Although heavily regulated, clinical trials are not necessarily good for all patients. Protocols vary in quality, objectives, and level of risk. To judge whether a clinical trial is appropriate for you, you need to examine it closely. This guide will suggest ways to do this.

• Phases of Clinical Trials

In order to find treatments for chronic hepatitis C that are safe and effective, new drugs, including interferons, must undergo rigorous testing. Drug research involves many stages. Much of the knowledge about drugs is derived from initial laboratory research in animals. Animals are used during the drug development phase, primarily to confirm lack of toxicity. If laboratory tests show that a drug has potential therapeutic value without major toxicity, it may advance to the next stage. The next step involves an extensive process of applying to the FDA for permission to proceed. After careful review of the preliminary data, if the FDA gives its approval, then drug testing – clinical trials – can begin on humans.

Clinical trials may have up to four phases. The initial introduction of an investigational new drug using humans occurs in Phase I. The subjects in this phase are usually healthy volunteers (usually 20 to 80 subjects). Sometimes the subjects are those with the disease that is being studied. The goals of a Phase I trial are to evaluate safety and tolerability (i.e., lack of major side effects) as well as the dosage range. This is determined by testing a range of doses (called a dose-ranging trial). Study participants initially receive a low dose of the drug; this is gradually increased as long as the drug appears to be safe. Phase I studies may provide early indications of the drug’s effectiveness, but whether or not a drug works is the primary focus of Phase II and Phase III studies.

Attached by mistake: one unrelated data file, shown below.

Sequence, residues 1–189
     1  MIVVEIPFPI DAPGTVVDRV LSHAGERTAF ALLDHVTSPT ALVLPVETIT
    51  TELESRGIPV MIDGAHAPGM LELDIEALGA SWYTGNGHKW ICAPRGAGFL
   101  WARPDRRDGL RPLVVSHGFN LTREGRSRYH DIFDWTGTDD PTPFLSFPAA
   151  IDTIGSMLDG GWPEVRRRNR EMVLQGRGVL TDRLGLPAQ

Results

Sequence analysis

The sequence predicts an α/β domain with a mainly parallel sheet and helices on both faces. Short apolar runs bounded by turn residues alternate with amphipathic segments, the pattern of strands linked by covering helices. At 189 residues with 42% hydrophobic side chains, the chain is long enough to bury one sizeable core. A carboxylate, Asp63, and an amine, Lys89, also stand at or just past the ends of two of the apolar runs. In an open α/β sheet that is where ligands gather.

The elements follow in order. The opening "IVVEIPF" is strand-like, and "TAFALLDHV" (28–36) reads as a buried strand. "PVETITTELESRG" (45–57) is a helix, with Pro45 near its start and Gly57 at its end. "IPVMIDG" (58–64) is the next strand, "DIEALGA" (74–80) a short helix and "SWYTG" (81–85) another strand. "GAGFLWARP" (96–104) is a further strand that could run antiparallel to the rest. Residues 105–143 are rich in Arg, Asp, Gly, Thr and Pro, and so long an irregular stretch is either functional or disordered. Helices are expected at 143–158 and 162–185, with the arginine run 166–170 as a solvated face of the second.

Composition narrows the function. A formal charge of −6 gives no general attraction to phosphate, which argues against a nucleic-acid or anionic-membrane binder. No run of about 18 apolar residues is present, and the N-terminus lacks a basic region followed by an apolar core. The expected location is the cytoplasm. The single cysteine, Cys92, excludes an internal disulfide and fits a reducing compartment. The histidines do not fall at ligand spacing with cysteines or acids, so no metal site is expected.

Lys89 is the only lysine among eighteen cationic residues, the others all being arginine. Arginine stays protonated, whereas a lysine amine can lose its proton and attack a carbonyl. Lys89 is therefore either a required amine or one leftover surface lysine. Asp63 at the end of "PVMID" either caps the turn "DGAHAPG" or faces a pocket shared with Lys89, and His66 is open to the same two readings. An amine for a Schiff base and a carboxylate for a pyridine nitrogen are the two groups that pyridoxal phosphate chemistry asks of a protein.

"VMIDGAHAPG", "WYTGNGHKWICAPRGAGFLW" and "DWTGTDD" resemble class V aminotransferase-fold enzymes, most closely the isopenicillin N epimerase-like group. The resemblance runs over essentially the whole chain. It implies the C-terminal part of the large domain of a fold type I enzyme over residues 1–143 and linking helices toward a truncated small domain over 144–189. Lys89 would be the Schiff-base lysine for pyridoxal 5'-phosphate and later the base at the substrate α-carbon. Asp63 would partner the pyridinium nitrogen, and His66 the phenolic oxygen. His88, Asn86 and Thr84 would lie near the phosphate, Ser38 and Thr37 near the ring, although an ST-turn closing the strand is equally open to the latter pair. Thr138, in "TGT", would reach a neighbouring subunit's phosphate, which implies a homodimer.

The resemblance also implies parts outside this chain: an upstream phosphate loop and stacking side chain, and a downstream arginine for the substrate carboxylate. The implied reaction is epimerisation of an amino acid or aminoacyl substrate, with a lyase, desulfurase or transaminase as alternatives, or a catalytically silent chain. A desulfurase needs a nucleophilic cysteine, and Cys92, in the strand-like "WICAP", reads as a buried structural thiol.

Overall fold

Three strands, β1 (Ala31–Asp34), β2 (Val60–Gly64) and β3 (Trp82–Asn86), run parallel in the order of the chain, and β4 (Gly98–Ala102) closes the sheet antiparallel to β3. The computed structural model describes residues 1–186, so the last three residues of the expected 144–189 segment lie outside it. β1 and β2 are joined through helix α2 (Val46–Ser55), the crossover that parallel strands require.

In Phase II trials, clinical studies are conducted using patients with the disease for which the drug is being tested. The goal of this phase is to obtain preliminary data on the effectiveness (also known as efficacy) of the test drug. This phase also allows further collection of data on the common short-term side effects and risks associated with the drug. A relatively small number of participants enroll in Phase II studies (100 to 300 subjects).

After confirming preliminary evidence of effectiveness in Phase II studies, the goal of Phase II studies is to gain additional information on effectiveness and safety. In this phase, several hundred to several thousand subjects receive the test drug. In Phase III studies, the new drug is often compared to current standard therapy.

After the drug is approved and marketed, the FDA may require a company to obtain more information about the drug. These studies occur as Phase IV trials. Examples are the safety and efficacy of varying doses, how the drug interacts with other drugs, or how it works in people with other diseases. Phase IV trials may include small or large numbers of subjects and may reveal uncommon side effects that are too rare to show up in Phase II or III studies.

• Drug Development: Timeline and Cost

Before a drug is approved for marketing, it is called an investigational new drug (IND). The total time it takes to bring a drug to market can vary. According to the FDA, the preclinical laboratory phase ranges from 1 to 3 years with an average of 18 months. The length of time an investigational drug is in clinical trials ranges from 2 – 10 years, averaging 5 years. The FDA review and approval process may take up to 7 years, while averaging 2 years. The average total time from bench to market is almost 9 years. According to the FDA, only one in 1,000 compounds makes it from the laboratory to human testing, and only one in five of these receives FDA approval for marketing (http://www.fda.gov/).

The cost of conducting a clinical trial is enormous. A price tag of several hundred million dollars is common. The total price from the lab to the pharmacy may be over a billion dollars. Funding for a trial can come from various sources, with the majority sponsored by pharmaceutical companies. In addition, the U.S. federal government provides funding through the National Institutes of Health. Investigators may also receive research money from the public, from industry and from other private sources.

• Types of Studies

Clinical observations, also known as anecdotal evidence or case studies, are the collection of information based on clinicians’ observations. A case study of one or only a few patients does not carry much weight, because the total number of patients is too small to obtain statistically significant results, and there may be bias in the selection of patients reported.

The most reliable research results come from a prospective study. Simply put, prospective studies look ahead with the intention of collecting data. These studies are carefully planned and conducted in a standard manner with well-defined patient populations and treatment protocols. The number of participants is known as the sample size. The larger the sample size, the more valid the results.